Newsletter and Technical Publications
<The Councillor as Guardian of the Environment>
Essay and Workshop for Local Elected Leaders on Environmental Governance
Emphasis on Adopting Environmentally Sound Technologies (ESTs)
Training for Elected Leadership -
Part II - Workshop on the Councillor as Guardian of
- WORKSHOP -
13.8 Exercise: STAKEHOLDER MAPPING
| Time Required: 120 minutes
To gain experience using stakeholder mapping to identify key
stakeholders and develop strategies for making productive use of
stakeholder interests and capabilities.
Divide participants into four groups that correspond with
the groups that have been working together on awareness and vision. Give
each group a blank stakeholder map and a set of task instructions. Tell
the participants in each group to prepare a stakeholder map (see map
design on the next page) relative to the environmental issue on which the
group has been working. Explain that the map is to show the governing body
of the local authority at the center and the names of key stakeholder
groups, institutions and organizations in the outlying circles connected
to the center. Tell participants to read and follow the instructions for
the exercise and to report back when they have completed the assignment.
When small groups return, ask for facilitators from each
group to display and explain the small group's results. Encourage a
discussion of the exercise with a questions such as the following: how
would an exercise in identifying, prioritizing, and classifying
stakeholders help you as a Guardian of the Environment in your
|Alternative Design: Groups of participants
who know each other and work together might be asked to complete the
stakeholder mapping and analysis (next pages) for stakeholders in their
own communities relative to the environmental issues identified during
their back-home, pre-workshop assignment. .
This mapping exercise is carried out in three steps:
Step 1: Generation of names.
After joining your
small group, select a member of your group as its facilitator. That person
draws a single, large-scale map on a sheet of newsprint (see diagram
below). In turn, and one at a time, you and other participants write the
names of problem relevant, prospective stakeholder groups (e.g., small
businesses, NGOs, financial institutions) on index cards or "post-it
notes," if available. Tape each of your cards at the end of one of
the lines on the diagram. This process continues until the map is filled
with names of stakeholder groups. Note: the person serving as
facilitator may have to rearrange the cards so that similar stakeholder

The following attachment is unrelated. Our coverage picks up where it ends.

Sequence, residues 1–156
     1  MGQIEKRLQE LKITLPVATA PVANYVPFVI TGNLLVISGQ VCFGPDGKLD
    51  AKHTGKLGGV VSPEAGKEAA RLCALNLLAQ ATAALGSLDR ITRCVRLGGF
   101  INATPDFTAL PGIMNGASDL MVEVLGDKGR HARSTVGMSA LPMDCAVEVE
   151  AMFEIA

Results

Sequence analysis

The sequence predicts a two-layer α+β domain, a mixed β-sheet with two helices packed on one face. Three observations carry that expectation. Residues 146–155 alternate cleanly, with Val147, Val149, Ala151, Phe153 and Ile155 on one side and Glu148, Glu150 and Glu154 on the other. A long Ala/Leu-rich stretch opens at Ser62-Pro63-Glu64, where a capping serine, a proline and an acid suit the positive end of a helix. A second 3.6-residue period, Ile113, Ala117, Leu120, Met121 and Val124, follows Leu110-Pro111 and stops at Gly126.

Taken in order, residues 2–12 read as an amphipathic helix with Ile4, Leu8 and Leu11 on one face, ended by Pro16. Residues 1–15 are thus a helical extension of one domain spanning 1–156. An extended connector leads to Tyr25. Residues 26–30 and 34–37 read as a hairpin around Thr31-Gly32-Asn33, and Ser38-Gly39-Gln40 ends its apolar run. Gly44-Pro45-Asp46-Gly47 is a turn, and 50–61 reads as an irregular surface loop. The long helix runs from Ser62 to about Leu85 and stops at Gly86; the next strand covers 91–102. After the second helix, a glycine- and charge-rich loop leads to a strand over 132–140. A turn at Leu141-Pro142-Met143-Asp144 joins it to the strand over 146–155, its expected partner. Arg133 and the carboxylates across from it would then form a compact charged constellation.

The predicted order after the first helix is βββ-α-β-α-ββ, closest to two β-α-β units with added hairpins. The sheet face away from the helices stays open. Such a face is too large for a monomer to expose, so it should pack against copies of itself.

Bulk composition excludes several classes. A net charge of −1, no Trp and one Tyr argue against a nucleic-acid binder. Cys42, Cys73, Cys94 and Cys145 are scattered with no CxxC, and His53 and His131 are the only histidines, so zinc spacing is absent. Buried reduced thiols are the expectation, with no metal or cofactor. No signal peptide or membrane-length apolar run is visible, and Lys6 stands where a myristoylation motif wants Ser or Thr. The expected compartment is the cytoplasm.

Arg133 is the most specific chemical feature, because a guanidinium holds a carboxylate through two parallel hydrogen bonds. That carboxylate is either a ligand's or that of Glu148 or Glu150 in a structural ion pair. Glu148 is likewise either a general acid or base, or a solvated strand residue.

groups are clustered together on the map.
Step 2: Evaluation of stakeholder groups.
each of the stakeholder groups on the map according to the stakeholder
group's perceived support for action on the environmental problem. Based
on a small group discussion, agree on the placement of a positive (+)
symbol next to those stakeholder groups that are expected to be supportive
or that have important resources to contribute. Place a negative (-)
symbol next to those stakeholder groups that are expected to oppose the
Step 3: Prioritizing stakeholders.
stakeholder map is complete, prioritize stakeholders according to the
relative importance of their participation and support. To do this, write
on a slip of paper the three stakeholder groups on the map whose
participation and support, in your opinion, is most important relative to
the group's ability to manage its chosen environmental problem. Of the
three you have selected, choose one as the most important, another as the
second most important and another as the third. Indicated your choices by
numbering the three stakeholders as follows.
|3 Stakeholder A...
2 Stakeholder C...
Give your slip of paper to the facilitator who will compile
the results for all members of your group. Weights may be assigned by the
facilitator to the three choices on each slip of paper (e.g., choice #1
receives a weight of five; choice #2 a weight of 3; choice #3 a weight of
1). The facilitator will complete the step by identifying the stakeholder
group which has received the highest weighted score as the top priority
for your small group.
Step 4: Specifying stakeholders.
blank map provided by the facilitator, write the names of several specific
stakeholders within the top priority stakeholder group whose participation
and support would be important for the successful achievement of the
group's plan for managing its environmental problem. For example, if the
stakeholder group is the business community, identify specific
businesses that you feel must be included as resource providers,
active partners or, perhaps, as part of a business environmental coalition
(see following diagram). This step can be concluded by collecting the
names of specific stakeholders from small group members and listing them
on the diagram.
Rejoin other small groups in a plenary session to report your
stakeholder priorities and the list of specific stakeholders considered by
the group to be important contacts for work plan development.